In my public policy course today, my students took a short opinion survey that I created for them, with questions about the justice or injustice of a variety of circumstances. For instance:
- Bob Iger, the CEO of Disney, was paid about $45 million last year. A customer service representative at Disney starts at $10.43/hour. Is this unjust?
- A child raised in Lexington, MA can expect a much better education than a child raised in Lowell, MA, who can expect a much better education than a counterpart born in Jackson, MS, who (in turn) is likely to get much more schooling than a child born in Malawi. Are those gaps unjust?
- Who has the responsibility to fix the Lexington/Jackson gap? If the gap between Lexington and Lowell persists, does that imply that Massachusetts voters hold unjust values or attitudes?
- Most Amish or [Haredi] Orthodox Jewish children will grow up to have lower incomes and less advanced health-care than average Americans. Is this unjust? Are the Amish or Orthodox parents responsible for an injustice toward their children?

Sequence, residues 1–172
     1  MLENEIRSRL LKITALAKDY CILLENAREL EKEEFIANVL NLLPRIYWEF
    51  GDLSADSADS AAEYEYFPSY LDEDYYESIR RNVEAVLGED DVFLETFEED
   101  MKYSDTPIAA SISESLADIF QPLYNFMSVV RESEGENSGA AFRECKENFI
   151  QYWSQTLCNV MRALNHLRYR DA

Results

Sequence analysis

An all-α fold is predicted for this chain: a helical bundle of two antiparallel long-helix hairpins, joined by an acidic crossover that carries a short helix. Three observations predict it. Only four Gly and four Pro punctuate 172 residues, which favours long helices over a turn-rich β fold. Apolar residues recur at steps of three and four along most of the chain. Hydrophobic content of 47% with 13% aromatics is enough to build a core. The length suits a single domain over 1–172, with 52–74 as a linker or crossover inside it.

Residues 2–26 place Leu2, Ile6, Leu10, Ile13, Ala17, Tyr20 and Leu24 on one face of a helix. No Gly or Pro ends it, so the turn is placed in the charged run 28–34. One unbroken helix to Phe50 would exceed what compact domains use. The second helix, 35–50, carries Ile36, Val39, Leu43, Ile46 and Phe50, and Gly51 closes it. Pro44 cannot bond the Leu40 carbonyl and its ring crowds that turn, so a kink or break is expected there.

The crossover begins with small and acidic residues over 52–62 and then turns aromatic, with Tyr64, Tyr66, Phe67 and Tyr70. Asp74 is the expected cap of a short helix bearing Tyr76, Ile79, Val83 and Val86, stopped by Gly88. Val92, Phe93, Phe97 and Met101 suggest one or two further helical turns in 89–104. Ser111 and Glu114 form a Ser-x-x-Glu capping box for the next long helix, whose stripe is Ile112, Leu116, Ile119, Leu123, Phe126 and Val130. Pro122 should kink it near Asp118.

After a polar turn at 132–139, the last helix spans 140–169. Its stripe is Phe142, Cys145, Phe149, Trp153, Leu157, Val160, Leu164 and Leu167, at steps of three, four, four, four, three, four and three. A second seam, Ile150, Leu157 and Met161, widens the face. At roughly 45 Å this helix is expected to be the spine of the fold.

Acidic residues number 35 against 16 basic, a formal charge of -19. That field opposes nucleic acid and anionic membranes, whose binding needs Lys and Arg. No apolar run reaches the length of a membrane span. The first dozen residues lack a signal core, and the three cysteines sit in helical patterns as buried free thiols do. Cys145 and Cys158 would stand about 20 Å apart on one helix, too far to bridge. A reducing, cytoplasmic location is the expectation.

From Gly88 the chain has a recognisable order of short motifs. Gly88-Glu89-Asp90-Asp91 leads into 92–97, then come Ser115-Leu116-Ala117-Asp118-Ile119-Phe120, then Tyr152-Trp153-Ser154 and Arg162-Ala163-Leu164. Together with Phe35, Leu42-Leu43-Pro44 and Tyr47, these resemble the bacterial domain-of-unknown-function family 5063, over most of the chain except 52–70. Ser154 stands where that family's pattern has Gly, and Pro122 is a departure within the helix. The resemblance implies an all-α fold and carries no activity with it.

- Was this (below) a bad thing to express?
- Are people who object to David Geffen’s Tweet demonstrating the vice of envy?
- If David Geffen self-isolated on his yacht but didn’t Tweet about it, would it be OK?
Many of the examples in my survey are derived from Tim Scanlon’s very useful article, “When Does Equality Matter?” ?
The survey’s forced choices generated a range of responses. In discussion, students offered more nuance.
You can take the survey yourself and then look at the aggregate responses.